At the end of the night, the parade made it to the local shrine. Men in traditional costumes played music on wooden flutes while lion dances entertained the women and children. Shinji's fingers were all bandaged up from beating on the taiko drum for three days! There was a near mishap as the cart's tall bamboo and lanterns couldn't fit under the gate into the main shrine, so he had to run around getting a ladder and disassembling the whole production and then putting everything back together inside the gate!

Wednesday, May 16, 2007

"What do you do during your free time?"

So, I'm correcting my students' handouts from our lesson on "hobbies and free time"...

They had to interview each other and ask what they were doing each day of the week, and then had to invite eachother to join them. Then, they had to write a complete sentence summarizing what they were doing each day.

I had given them a box with all these choices like: Go shopping, hang out with friends, study, play baseball, listen to music, sleep, etc.

Here's how one of the dialogs went:

Eri: Hi Risa, what are you doing on Friday?
Risa: I'm going to the beach. What are you doing?
Eri: I'm sleeping. Do you want to join me?
Risa: Sure, sounds great!

Complete sentence: "On Friday, I'm sleeping with Eri."

Uh, maybe "sleep" shouldn't have been one of the options! ha ha!!

Sunday, May 13, 2007

Kinosaki, Genbudo Caves, & a coastal bike ride

After a late night of watching somber movies (Letters From Iwo Jima & Flags of Our Fathers) at Bryn's house on Friday night, we woke up early on Saturday to cheer on many of the local junior high students running in a mini-marathon. It was great to see those two happy students ("Laurie is on my heart") as well as some of the other kids.

Afterwards, Bryn, Jannie, and I went on a drive to Kinosaki. I had gone there in October with Paul, but it is such a beautiful city that I didn't mind going back again. The canal, lined with weeping willows and colorful flags, was full of koi (I think it was mating season because of their vigorous activity!) and every once in awhile, we saw the famous white storks dip in and snatch up a fish.

We peacefully strolled around and then headed off to Genbudo. We weren't even sure where Genbudo was, nor what it was. I had heard about it from several people who suggested that I go to this "must-see" when I had gone to Kinosaki before. Yeah, understatement of the year! The "caves" were unbelievable- and even better, it was free admission!

Apparently these geological formations were formed by frozen lava that flowed out of a volcanic eruption 1.6 million years ago. There are thousands of basalt pillars forming these arches & caves... you can just imagine them in liquid form and then crystallizing into their present state!

Sunday was "Laurie-time"- had a long talk with Paul, did some laundry, and then went for a bike ride. I decided to ride east, and follow the coastal road as far as I could. It was a spectacular day for a ride, and I was rewarded by breathtaking views of the sea and rice paddies. I ended up riding about 10 km to a remote fishing village, got in trouble by an old man and woman for trespassing onto their private beach (oops!!) and rode all the way back into Miyazu in time for the long shadows of the day to cool me down. Wound down the day by watching Charlies' Angels, the weekly English Sunday night movie!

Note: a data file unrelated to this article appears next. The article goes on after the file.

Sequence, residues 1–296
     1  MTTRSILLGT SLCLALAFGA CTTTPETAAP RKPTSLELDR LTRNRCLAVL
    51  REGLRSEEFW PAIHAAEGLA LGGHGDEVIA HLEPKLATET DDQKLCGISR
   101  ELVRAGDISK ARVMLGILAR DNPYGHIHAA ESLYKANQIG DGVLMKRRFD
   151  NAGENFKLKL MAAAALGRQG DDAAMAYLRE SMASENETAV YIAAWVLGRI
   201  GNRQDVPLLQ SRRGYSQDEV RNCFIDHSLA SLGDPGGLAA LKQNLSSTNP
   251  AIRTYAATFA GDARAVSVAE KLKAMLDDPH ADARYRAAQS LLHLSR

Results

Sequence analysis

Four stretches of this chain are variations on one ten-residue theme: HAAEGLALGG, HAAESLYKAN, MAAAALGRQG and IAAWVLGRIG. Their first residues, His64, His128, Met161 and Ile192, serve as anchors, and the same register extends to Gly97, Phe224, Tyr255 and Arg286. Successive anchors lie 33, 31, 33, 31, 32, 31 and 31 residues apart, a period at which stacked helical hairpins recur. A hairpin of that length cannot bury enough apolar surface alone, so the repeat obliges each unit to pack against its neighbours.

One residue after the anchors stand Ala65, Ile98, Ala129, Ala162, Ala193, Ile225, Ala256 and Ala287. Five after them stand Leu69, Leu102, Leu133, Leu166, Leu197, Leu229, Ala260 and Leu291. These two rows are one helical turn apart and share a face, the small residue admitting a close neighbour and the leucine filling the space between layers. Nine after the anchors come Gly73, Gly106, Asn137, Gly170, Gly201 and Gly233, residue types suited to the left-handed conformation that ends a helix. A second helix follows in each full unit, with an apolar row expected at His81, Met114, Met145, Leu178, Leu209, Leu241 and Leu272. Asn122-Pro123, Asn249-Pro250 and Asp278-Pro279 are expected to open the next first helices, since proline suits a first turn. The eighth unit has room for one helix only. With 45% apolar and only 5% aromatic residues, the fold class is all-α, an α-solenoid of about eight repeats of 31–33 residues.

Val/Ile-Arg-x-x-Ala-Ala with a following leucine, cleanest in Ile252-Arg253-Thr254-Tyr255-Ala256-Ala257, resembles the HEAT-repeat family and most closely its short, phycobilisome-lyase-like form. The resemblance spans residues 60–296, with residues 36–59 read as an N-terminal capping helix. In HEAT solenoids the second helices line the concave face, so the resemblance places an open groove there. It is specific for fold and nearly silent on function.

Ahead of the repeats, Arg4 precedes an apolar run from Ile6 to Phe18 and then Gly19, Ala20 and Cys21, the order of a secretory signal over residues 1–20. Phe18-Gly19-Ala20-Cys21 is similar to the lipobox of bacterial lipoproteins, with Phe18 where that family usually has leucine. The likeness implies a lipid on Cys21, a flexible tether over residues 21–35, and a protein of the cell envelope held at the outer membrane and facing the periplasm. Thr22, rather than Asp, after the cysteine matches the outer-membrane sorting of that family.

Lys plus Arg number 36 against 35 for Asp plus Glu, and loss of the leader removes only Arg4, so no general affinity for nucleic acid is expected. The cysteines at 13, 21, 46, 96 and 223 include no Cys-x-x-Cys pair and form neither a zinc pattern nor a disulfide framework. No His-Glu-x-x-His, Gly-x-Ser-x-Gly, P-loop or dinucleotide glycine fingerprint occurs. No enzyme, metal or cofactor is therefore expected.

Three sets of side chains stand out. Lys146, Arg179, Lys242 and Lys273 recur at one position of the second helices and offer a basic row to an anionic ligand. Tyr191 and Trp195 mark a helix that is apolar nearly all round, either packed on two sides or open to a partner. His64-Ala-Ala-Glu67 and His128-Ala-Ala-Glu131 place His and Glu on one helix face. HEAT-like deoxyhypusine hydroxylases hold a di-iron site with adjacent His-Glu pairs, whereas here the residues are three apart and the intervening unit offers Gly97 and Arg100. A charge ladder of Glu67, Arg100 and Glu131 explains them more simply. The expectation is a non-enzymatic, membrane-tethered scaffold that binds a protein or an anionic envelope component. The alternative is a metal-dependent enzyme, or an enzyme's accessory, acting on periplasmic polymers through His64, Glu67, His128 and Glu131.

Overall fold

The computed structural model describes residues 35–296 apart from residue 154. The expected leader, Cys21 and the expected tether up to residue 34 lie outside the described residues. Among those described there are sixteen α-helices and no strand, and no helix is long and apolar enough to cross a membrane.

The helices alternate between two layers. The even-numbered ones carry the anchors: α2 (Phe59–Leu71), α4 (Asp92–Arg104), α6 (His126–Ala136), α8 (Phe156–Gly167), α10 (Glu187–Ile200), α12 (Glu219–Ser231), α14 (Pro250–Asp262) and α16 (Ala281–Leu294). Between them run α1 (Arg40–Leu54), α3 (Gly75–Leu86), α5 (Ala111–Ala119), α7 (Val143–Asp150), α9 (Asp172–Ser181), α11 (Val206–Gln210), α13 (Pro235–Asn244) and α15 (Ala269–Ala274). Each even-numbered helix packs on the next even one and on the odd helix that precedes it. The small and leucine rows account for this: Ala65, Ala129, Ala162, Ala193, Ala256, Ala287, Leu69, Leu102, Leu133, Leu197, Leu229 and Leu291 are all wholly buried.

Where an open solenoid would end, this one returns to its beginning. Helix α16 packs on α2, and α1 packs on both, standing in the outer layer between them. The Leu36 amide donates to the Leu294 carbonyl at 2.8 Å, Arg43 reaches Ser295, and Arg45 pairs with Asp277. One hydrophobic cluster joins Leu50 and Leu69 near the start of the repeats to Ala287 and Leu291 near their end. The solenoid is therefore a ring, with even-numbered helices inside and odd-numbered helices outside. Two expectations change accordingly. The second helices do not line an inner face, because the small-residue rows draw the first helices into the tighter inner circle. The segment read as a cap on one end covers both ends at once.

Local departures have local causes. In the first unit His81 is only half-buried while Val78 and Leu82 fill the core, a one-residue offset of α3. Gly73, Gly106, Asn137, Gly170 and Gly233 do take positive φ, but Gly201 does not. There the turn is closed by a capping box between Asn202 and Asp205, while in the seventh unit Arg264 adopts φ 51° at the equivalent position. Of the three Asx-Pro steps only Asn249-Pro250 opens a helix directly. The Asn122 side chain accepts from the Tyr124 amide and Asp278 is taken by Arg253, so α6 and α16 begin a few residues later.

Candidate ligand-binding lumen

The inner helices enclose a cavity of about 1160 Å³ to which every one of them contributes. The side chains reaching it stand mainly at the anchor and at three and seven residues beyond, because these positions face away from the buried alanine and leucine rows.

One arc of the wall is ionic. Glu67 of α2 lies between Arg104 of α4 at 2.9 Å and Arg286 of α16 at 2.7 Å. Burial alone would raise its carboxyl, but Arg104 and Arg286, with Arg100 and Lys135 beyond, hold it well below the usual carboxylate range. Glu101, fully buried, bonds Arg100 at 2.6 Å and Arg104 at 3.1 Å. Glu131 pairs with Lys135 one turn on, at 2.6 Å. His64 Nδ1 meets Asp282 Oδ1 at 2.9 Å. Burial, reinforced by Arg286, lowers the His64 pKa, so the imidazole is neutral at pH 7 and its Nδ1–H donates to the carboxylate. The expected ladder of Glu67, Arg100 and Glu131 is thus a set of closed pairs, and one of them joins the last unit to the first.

Saturday, May 12, 2007

:: H a p p y ::

H A P P Y 1st Birthday to my adorable little niece, Kayla!

...and a Happy Mother's Day to my Mom!

...and an especially exciting Happy Mother's Day to new (or fairly new) mothers: Vel, Lisa, Emily, Meredith, and Mindy!

...and belated birthday wishes to Karen, Larry, Pam, Nia, Whitney, & Brian!

Maybe it's the gorgeous weather but I have never been so happy in my whole life....

I'm breathing in the fresh country air, eating fresh vegetables and fish, and surrounded by the freshly planted rice fields. I'm enjoying my last 2 1/2 months here in japan but looking forward to getting back to life in the US.

It was great to catch up with Katy in New York and Glen in Korea for a few hours the other night, and Paul and I are still going strong with our frequent phone/video conversations. I have been so lucky that he has been able to come out to visit me in Asia 3 times since I have been here! DOKI DOKIi!!!

Friday, May 11, 2007

Golden Week: Osaka

After a day in the sun at Awaji, we headed back to pick up our luggage and took the train to Osaka. In one day, we were in Sapporo, Kobe, Awaji, and Osaka.... we were exhausted! (Coincidentally, our hotel was designed by Aldo Rossi!)

We spent the next day and half shopping in Kobe's Sannomiya district and Osaka's Umeda area... The lights, people, and bustling of the cities were a big change from the mellowness of Hokkaido, and especially Miyazu. We both literally shopped till we dropped. Jun even bought these herbal compresses that we stuck on our legs and feet to soothe the "fever" that they got from all the walking.

As usual, I hit up Bagels & Bagels (NY Style Bagels)- mmmm, lox!! We feasted on Thai food (Krungthep's green curry never fails to disappoint) and Jason took us to El Pancho, his favorite Mexican restaurant. Due to Golden Week, every place was crowded but I was NOT going to let the wait deter me from my enchiladas!

I finally walked into my apartment on Sunday afternoon with 25¥ in my wallet.